With each passing year, we discover yet another daunting statistic around the damage ad fraud has inflicted on our digital ecosystem. According to a whitepaper by TrafficGuard and Juniper Research, ad fraud is forecast to cost APAC businesses US$56 billion by 2022.
It’s understandable then that publishers and advertisers are on a bona fide manhunt for the perpetrators, and are often quick to point blame at the most obvious target – their ad networks. As a consequence, we’re beginning to see advertisers abandoning performance marketing solely in favor of programmatic. When all is said and done, we must ask ourselves: Are we focusing on the right issue here, or are we nominating ad networks (and by association performance marketing) as a scapegoat?
Before jumping headfirst into the situation and proposing solutions, we need to unpack the fundamental issue of why ad networks and performance marketing get such a bad reputation.
Ad networks have faced several challenges, which have branded them as the primary antagonists of the industry. Ever since Uber filed a multimillion-dollar lawsuit against media agency and their contracted ad networks for pumping ad spend into non-existent/fraudulent inventory, it drew international attention to the scourge of ad fraud among networks.
However, the circumstances behind these problems are far more complex than many might think. It all starts with unrealistic demands: we understand that ad networks do make money -knowingly or unknowingly- from fraud helping them meet the sheer volume, cost and speed demands of their clients.
Combine this with the fact that most ad fraud prevention solutions are developed for advertisers, not ad networks – and it’s a recipe for disaster. Furthermore, ad networks are often the closest partner to the advertisers in a long string of intermediaries who all contribute to the outcome, so they inevitably bear the brunt of the blame.
Shifting our attention to the other side of the board, we see rising positive sentiment for programmatic advertising. Often considered a strong alternative in today’s volatile and evolving landscape, many advertisers think they are less exposed to ad fraud by eliminating ad networks from their supply chain.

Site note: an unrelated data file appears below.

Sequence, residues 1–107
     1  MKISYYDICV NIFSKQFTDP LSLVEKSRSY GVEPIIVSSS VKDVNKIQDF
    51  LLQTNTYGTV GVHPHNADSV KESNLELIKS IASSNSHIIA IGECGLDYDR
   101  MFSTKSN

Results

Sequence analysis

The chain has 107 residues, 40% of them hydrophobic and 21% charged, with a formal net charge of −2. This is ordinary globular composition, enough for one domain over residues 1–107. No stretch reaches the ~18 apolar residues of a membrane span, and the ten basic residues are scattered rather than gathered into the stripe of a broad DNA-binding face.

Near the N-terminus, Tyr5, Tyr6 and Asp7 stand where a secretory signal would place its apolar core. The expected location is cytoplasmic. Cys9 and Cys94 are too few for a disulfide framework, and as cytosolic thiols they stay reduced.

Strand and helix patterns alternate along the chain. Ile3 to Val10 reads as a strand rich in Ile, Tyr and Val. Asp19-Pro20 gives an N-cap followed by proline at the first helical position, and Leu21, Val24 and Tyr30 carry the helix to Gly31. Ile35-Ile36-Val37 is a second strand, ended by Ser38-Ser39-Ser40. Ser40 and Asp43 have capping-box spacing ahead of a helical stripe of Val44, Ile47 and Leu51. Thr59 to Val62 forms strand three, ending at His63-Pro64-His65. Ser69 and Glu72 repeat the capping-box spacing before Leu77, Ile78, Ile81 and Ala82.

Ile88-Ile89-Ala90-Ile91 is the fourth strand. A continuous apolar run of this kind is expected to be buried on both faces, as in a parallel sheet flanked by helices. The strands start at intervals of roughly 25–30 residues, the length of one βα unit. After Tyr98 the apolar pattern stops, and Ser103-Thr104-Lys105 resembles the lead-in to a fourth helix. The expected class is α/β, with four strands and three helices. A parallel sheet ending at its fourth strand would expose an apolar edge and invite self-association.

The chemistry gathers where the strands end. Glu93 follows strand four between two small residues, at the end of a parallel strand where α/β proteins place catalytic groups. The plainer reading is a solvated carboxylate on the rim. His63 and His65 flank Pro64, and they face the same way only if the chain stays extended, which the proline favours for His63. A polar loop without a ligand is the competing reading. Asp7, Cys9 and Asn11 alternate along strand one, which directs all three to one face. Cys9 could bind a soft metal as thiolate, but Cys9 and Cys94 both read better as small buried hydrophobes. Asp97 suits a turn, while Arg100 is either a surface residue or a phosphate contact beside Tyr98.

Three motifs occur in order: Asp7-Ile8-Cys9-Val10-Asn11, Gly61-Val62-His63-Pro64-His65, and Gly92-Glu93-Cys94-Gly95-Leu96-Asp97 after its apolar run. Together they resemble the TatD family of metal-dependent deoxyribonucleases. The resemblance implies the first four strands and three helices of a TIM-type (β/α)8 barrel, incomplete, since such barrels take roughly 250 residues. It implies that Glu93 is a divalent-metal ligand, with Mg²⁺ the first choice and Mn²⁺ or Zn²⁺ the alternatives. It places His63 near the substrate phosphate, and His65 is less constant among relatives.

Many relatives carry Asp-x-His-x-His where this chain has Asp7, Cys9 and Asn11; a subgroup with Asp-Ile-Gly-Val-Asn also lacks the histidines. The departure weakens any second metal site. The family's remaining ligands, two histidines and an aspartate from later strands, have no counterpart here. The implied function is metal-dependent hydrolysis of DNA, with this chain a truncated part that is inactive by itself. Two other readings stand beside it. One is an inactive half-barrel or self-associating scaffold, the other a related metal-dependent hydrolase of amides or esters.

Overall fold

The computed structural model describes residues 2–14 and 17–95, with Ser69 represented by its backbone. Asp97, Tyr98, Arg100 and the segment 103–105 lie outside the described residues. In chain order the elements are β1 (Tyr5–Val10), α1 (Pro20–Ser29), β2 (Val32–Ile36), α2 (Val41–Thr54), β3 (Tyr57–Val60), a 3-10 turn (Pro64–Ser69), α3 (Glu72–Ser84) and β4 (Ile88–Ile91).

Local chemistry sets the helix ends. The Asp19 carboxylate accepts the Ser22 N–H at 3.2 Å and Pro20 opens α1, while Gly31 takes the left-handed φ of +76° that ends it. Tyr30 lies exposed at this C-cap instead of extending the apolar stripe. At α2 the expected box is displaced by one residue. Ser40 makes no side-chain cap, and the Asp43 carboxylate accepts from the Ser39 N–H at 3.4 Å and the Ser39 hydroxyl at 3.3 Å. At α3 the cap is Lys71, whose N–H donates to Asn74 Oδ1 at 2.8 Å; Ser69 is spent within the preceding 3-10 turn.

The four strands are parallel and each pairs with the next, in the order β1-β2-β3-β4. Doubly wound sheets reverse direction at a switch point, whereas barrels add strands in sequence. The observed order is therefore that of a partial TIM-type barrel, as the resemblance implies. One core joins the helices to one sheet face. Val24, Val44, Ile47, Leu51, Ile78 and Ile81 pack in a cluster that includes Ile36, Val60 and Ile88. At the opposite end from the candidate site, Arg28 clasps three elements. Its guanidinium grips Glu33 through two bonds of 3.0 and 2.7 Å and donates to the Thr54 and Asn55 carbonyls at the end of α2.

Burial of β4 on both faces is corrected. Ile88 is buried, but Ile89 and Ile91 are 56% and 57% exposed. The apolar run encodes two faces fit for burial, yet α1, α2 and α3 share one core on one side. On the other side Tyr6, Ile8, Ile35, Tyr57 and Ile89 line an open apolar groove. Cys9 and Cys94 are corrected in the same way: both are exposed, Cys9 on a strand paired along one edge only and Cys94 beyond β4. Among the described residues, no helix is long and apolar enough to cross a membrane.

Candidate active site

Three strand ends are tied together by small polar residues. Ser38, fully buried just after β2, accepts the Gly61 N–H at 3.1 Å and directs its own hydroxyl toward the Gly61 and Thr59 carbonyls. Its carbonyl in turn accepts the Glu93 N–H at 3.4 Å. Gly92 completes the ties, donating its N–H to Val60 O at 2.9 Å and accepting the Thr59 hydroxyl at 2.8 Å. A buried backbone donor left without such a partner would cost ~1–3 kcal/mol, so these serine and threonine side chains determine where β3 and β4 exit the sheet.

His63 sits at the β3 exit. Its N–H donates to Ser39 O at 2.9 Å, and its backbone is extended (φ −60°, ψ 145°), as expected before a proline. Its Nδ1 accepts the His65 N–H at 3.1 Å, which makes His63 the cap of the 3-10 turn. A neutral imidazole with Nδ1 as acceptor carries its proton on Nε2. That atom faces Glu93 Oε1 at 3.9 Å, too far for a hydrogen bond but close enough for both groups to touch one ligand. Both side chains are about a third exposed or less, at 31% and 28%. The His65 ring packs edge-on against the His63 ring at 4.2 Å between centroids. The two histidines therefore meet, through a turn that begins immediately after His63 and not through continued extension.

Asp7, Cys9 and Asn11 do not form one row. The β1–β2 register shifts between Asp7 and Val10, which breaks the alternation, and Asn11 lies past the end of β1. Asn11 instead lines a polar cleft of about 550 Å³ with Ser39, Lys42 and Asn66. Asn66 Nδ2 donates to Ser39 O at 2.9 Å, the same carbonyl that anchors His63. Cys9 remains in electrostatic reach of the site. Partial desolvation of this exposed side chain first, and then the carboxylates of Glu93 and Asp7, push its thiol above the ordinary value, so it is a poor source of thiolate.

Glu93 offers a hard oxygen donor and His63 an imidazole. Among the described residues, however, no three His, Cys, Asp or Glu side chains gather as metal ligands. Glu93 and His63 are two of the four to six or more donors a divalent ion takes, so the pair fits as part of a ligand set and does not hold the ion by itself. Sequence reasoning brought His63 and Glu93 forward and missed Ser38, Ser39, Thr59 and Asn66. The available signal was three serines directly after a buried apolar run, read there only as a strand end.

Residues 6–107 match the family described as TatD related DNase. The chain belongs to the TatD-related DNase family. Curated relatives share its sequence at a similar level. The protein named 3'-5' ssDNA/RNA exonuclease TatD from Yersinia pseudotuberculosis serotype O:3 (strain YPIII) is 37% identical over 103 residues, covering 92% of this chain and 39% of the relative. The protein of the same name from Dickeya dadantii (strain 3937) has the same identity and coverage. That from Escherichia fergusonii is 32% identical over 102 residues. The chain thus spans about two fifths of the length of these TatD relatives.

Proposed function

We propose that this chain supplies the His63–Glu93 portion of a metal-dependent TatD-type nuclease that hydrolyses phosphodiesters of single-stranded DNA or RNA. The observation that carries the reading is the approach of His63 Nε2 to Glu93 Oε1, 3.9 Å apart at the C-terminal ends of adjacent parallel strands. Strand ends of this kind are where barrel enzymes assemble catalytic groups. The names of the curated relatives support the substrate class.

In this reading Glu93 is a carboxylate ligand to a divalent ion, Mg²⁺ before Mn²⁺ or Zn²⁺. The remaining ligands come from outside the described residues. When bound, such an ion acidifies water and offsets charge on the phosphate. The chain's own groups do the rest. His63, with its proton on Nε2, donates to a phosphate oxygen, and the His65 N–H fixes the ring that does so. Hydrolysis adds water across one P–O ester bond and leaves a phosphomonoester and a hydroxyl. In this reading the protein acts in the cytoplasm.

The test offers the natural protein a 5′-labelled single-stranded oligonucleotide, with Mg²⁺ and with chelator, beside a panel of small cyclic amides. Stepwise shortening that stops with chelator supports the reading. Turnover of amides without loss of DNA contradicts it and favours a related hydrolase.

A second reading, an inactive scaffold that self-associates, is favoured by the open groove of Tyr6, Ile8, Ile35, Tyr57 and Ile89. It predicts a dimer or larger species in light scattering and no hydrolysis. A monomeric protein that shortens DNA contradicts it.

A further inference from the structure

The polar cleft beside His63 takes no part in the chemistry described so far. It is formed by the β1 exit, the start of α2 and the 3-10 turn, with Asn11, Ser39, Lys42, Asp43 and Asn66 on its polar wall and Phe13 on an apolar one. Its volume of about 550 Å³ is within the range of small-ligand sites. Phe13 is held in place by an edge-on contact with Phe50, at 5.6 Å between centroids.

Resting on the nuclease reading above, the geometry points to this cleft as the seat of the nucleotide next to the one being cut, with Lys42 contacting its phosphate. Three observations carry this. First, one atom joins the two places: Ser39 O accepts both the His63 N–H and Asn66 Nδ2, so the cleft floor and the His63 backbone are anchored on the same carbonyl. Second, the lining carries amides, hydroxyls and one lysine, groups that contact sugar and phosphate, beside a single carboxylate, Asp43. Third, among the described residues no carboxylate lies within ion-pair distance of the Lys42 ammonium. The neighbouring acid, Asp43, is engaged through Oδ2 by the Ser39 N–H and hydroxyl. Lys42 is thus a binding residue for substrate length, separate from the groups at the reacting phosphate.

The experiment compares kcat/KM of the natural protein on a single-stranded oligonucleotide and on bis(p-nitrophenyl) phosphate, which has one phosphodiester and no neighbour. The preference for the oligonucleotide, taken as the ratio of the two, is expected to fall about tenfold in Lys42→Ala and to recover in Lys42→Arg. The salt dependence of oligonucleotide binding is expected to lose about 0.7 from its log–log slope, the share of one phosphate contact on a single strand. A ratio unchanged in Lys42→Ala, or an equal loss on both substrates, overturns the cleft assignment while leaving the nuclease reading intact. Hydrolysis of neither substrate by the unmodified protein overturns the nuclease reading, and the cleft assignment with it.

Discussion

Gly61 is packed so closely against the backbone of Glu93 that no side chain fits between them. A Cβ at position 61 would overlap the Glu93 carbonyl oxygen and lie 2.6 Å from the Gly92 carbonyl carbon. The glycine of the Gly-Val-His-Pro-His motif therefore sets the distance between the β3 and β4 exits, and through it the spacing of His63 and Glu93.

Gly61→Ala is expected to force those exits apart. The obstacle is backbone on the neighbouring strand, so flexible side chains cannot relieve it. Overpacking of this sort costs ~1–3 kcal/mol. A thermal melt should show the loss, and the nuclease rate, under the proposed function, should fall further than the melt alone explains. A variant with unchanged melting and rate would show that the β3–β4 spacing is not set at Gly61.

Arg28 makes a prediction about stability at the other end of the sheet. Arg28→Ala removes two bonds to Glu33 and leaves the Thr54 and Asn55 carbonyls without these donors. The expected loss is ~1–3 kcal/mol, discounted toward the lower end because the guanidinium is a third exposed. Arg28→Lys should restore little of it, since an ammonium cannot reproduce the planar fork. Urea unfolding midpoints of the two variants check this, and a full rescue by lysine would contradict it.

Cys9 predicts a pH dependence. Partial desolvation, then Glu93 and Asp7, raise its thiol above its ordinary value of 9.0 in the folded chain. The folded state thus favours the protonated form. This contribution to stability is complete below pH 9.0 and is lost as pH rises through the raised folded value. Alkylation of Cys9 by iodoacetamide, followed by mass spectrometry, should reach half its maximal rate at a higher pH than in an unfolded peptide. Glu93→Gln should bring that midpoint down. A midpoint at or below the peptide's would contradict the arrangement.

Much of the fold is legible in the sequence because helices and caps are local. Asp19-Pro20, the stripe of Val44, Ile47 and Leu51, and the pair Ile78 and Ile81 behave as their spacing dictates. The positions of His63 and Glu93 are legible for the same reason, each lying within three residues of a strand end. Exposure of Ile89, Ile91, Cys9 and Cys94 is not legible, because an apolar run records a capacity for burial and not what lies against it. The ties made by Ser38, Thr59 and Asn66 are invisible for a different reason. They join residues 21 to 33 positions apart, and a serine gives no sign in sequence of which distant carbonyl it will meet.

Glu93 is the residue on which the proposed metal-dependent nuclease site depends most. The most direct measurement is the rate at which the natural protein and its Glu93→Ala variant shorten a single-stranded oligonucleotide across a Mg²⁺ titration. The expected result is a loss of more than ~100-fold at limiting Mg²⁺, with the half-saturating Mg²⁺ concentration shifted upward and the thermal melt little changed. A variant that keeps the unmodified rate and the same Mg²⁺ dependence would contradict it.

Programmatic essentially automates your ad placements, thus streamlining insertions for advertisers and agencies. More importantly, it provides access to the longtail of ad inventory by simultaneously bidding on hundreds, thousands, millions of placements with individual publishers. This in turn allows marketing teams to “do more, with less”: by automating the process, programmatic advertising can place ads with hundreds of different publishers without a proportional increase in human resources.
Programmatic certainly has its place within digital strategies but the truth is, fraudulent inventory enters the supply chain at many points so just removing the performance step doesn’t actually solve the problem.
It’s obvious that in such a complex and murky ecosystem, just moving your conversion point from a sale or install to impressions, will not have much of a bearing on your exposure to fraud. However, moving that conversion point does have an effect on the way that fraud impacts your business.
With performance advertising, you have a lot of data collected from impressions, clicks, installs/events that all contribute to a comprehensive defense even against sophisticated fraud tactics. Fraud prevention efforts on the impression, however, have just that impression level data to inform validation. This is compounded by the need to validate pre-bid means your ability to actually prevent fraud before it consumes budget is greatly restricted.
When fraud does consume ad budget, certain indirect costs become inescapable. For instance, fraud skews campaign data, impacting the speed and accuracy of optimization. You also incur the cost of time to analyze, report and eventually reconcile media volumes with traffic sources as well as the missed revenue that an effectively allocated budget could have generated.
On the flip-side, preventing fraud before attribution as is possible in performance marketing, mitigates all of these indirect costs. While neither model is more exposed to fraud, you may actually be able to better defend your ad budget if it is invested in performance.
While placing our crosshairs on ad networks for their contribution to invalid and fraudulent traffic may seem like the simple solution, we are distracting ourselves from the real problem. Whether you buy programmatically or on a performance basis, fraud is ever-present.
Advertisers open themselves up to fraud regardless of their media cost model of choice, if they don’t take measures to mitigate fraud. Ultimately, the combination of performance and programmatic your business chooses should be based on your campaign objectives, and not on the misguided belief that one or the other is more exposed to ad fraud. Ad fraud prevention is ultimately a conscious investment we make for the long term, which undeniably leads to additional sales and growth since campaigns are reaching many more eyeballs and accumulating high-quality engagement.
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